Guest Post - Everything You Need to Know About Editors! ~ What'cha Reading?

Guest Post – Everything You Need to Know About Editors!


Every now and then when we’re surfing around reading everything comic related we can find we stumble across an article that we think maybe helpful/interesting to those of you out there who not only read comics but also create them. It’s in this spirit that we reached out to Heather Antos, freelance comic editor, who had recently posted a series of articles about editors, what they do, and ways to work with them. She graciously agreed to give us an excerpt to share with you! Read all about it, then click over to HYPERBOLLICALLY HEATHER and read the entire series.

– Chuck

Everything You Need To Know About Editors

by Heather Antos

When it comes to comics, there are a ton of misconceptions out there about what freelance editors do, and there really aren’t many resources to help you figure out what to look for in an editor or even what a good editor does. My blog, HYPERBOLLICALLY HEATHER, discusses not only what it is good comic editors do, but also tips & tricks that I have learned throughout my experience as a comic editor regarding making comics in general. Below is an excerpt from my series “Everything You Need to Know About Editors,” which gives a brief overview of what an editor looks out for regarding the visual aspect and art of comic scripts.

What do you mean I have to keep in mind the art and the artist when writing?

Well, I suppose technically you don’t have to. But a good writer does – and your artist and editor will thank you for it. One of the most important things editors have to keep in mind when reading a comic script – and writers need to keep in mind when writing them – is that, first and foremost, comics are a visual medium. Below, we’ll discuss a few key things to keep in mind when writing a script that’s to be drawn.



Comic creation is a hugely collaborative process and it’s important to know what each creator’s strengths and weaknesses are. Bottom line, an artist’s job is to deliver on the scripts handed to him. For writers, it’s typically easier to make anything work. But I’m a big believer that it’s better to give the artist something he can knock out of the park than something we can get him to make work. Give them things that they will be able to make great!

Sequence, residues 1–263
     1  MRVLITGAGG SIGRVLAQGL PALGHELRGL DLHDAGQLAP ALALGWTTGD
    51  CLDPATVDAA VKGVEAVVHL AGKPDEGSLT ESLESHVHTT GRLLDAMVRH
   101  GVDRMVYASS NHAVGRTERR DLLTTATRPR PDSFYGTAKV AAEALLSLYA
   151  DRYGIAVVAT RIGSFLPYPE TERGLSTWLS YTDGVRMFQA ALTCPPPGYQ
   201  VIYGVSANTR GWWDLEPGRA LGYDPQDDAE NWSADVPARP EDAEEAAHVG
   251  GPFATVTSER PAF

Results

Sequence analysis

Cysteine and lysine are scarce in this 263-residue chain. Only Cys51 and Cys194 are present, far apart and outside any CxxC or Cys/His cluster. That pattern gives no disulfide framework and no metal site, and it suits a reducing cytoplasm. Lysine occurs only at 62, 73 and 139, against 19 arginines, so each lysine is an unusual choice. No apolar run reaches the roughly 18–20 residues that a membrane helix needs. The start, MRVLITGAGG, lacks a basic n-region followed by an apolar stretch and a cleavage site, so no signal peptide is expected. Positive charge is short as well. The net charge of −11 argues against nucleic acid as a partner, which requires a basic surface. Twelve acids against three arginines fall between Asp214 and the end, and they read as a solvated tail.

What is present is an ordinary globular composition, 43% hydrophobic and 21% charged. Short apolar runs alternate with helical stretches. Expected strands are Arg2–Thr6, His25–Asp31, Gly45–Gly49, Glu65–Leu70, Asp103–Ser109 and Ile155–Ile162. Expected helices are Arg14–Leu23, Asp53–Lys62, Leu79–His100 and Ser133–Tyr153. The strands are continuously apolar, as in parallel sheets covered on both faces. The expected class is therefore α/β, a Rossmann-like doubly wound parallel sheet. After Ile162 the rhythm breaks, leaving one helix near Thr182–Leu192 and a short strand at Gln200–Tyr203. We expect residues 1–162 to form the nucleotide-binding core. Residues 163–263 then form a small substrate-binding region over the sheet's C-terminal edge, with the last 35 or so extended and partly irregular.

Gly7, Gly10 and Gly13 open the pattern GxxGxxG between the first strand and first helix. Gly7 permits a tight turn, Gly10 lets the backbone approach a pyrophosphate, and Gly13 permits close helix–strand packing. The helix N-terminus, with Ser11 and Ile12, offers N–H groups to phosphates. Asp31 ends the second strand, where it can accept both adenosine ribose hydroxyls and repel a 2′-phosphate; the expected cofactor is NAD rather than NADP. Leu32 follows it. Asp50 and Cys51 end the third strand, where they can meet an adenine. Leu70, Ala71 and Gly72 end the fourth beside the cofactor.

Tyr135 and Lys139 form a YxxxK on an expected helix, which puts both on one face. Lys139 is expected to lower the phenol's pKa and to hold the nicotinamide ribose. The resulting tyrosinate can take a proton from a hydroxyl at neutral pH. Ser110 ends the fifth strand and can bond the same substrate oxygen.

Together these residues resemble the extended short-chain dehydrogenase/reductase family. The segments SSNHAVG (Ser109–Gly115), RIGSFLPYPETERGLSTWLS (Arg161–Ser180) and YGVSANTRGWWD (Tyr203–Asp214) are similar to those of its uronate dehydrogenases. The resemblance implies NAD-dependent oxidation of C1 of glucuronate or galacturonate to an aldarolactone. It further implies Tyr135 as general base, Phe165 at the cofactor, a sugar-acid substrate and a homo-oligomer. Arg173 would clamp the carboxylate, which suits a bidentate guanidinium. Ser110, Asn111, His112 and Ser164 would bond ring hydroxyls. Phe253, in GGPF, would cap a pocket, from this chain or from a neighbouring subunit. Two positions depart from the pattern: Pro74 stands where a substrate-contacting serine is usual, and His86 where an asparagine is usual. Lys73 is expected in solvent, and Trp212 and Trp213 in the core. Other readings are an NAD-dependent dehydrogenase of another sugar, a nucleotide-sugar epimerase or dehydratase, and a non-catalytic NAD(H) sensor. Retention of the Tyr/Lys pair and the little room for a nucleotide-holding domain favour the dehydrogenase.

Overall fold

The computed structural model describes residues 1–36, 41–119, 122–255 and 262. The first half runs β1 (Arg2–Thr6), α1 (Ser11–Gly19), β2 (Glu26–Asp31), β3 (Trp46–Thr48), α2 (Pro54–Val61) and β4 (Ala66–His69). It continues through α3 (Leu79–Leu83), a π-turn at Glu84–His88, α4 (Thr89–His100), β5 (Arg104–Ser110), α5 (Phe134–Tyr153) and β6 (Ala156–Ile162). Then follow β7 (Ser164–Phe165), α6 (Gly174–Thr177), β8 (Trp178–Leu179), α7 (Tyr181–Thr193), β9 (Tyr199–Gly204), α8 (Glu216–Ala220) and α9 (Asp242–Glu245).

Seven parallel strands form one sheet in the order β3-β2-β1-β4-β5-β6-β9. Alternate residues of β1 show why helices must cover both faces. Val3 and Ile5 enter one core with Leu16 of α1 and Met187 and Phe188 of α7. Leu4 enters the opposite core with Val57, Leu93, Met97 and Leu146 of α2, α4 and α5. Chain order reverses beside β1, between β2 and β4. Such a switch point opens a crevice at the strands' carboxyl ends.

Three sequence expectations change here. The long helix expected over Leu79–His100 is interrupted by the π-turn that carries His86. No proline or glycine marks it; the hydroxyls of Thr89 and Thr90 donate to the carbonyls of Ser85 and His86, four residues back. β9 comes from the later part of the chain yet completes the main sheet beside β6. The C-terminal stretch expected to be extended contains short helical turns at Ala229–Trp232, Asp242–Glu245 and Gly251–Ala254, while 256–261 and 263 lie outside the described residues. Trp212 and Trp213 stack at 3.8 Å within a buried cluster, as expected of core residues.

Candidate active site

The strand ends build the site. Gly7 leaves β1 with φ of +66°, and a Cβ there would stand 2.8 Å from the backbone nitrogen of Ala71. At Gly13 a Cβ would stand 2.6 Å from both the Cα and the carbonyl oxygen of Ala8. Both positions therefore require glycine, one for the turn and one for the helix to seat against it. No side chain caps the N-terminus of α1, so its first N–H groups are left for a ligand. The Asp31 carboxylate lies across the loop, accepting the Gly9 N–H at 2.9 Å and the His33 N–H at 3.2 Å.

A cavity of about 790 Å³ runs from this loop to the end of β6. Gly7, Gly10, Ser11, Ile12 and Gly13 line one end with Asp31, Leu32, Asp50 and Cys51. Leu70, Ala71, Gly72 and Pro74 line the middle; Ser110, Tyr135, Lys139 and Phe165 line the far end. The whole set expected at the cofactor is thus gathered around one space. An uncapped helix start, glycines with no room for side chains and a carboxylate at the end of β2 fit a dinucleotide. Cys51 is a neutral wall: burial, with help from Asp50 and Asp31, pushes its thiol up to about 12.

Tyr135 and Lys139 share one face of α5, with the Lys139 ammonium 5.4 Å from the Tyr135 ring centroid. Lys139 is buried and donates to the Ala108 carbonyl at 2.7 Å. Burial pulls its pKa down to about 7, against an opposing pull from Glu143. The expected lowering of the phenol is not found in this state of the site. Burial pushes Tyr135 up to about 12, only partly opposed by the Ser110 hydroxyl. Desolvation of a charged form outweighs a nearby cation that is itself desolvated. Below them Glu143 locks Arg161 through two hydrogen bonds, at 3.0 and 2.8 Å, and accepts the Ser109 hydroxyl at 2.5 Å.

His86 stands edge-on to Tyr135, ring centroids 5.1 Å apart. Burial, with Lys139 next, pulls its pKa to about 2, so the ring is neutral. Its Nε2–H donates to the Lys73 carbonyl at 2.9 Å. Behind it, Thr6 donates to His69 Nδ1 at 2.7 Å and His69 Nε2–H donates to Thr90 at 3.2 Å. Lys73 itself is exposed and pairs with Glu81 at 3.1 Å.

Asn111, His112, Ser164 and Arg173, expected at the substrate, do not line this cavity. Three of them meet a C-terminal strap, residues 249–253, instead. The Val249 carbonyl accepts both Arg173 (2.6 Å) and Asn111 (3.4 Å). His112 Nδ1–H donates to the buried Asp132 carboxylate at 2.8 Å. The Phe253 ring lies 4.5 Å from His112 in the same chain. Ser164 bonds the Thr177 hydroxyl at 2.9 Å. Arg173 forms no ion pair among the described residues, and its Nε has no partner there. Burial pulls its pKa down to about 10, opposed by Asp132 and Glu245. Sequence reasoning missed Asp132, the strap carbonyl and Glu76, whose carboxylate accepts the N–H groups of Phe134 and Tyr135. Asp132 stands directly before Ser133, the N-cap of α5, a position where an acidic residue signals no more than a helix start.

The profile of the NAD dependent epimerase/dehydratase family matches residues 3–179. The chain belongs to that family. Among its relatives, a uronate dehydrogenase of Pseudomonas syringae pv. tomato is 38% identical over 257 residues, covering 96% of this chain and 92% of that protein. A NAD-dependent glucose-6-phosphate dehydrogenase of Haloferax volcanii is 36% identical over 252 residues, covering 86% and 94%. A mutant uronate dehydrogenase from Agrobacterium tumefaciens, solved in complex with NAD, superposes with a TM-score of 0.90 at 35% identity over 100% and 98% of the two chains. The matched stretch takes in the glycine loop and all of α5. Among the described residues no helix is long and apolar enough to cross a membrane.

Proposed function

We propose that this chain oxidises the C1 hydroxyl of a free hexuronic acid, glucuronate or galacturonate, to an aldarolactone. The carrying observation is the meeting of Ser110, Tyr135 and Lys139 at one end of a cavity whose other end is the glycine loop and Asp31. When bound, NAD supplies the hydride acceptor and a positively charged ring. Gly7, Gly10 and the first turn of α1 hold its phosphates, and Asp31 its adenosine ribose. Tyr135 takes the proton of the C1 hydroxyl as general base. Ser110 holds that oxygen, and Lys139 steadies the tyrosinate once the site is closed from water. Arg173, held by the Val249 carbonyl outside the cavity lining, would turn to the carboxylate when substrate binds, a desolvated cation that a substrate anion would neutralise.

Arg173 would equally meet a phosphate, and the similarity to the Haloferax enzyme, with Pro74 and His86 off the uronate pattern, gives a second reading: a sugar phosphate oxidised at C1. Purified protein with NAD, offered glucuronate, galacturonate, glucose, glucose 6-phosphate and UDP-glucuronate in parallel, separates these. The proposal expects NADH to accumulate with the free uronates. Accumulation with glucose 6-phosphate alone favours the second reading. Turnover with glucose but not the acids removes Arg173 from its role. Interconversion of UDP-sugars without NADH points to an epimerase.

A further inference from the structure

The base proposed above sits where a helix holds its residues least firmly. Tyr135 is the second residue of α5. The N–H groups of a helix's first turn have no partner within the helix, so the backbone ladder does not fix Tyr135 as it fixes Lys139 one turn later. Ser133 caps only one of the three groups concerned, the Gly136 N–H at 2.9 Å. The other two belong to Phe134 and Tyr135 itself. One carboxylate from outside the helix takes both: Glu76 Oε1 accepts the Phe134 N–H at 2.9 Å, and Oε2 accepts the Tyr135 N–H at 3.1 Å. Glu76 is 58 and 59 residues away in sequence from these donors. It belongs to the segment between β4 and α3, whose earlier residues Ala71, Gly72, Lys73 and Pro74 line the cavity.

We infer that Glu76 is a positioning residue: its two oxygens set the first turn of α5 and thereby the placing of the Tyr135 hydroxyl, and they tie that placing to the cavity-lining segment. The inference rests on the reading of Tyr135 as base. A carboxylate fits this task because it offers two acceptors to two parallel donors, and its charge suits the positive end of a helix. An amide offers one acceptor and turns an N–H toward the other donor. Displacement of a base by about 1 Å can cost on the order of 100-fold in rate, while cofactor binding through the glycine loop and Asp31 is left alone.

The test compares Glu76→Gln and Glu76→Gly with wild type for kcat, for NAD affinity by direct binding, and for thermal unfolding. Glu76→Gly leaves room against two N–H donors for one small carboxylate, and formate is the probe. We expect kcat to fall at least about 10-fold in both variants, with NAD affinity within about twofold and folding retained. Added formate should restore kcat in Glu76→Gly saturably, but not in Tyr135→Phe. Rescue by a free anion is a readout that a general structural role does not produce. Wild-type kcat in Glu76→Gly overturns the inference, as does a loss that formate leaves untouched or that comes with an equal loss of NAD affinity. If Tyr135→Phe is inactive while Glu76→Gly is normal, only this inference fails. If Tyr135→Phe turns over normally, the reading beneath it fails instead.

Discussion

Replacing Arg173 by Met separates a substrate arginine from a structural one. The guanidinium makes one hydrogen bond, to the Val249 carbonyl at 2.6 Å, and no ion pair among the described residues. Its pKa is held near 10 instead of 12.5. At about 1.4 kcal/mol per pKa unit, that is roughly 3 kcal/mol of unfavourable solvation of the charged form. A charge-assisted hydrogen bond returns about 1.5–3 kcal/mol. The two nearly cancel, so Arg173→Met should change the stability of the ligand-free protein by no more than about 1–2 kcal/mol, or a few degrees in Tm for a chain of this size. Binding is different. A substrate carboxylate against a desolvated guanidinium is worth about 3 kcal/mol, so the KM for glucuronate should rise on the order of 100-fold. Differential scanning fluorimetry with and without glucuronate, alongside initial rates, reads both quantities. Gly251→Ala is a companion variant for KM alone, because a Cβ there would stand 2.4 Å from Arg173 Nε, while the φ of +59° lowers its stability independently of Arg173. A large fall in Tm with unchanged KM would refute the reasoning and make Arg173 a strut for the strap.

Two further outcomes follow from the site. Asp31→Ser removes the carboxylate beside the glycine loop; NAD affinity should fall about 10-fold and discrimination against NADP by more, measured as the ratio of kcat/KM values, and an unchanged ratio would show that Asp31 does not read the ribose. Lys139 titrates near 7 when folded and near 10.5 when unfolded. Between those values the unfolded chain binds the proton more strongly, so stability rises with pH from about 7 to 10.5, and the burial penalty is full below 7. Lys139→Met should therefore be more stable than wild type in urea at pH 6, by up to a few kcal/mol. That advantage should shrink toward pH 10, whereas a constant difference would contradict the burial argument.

It’s extremely important to be aware of how many panels you’re writing with multiple characters.  So often books go from a solo comic to a big fat team comic. Here’s the simple way of looking at it: If you have a group or team of more than three people, make sure to show all of them once per page, if possible all together in a single shot, but beyond that, err on the side of singles and doubles—i.e., make sure a few panels per page are just a single character or two characters in a panel, just the people you need to have speaking or doing specific actions (including reactions). Every time you write a panel description like, “They walk down the street,” you’ve just used very few words to tell your artist to draw five or six people. You write they, your artist needs to go count who all’s there, and give them something to do. Try to avoid they. Try to call out everyone in the panel in every panel description, as a reminder of just what you’re making them draw. Be clear. Seeing who all is in the panel, you and your editor can then work on trimming. If we have two lines to be said in this panel, can both come from the same person to make it a single? If we need Joey to pick up a rock this panel, can we also give him the one line we need here? These are dumb examples, but they’re ways of thinking about how to reduce the number of people in one panel, to make less work for the artist, and to give more breathing room to the page. It also allows you to get more real close-ups, get some bigger faces on the page, so we can read expressions better, connect with characters better. Every five-person panel needs to be a fairly big panel. If you have five of those on a page, everything is crammed. And if three of those people have medium-sized balloons, ten or fifteen words, then the page is choking …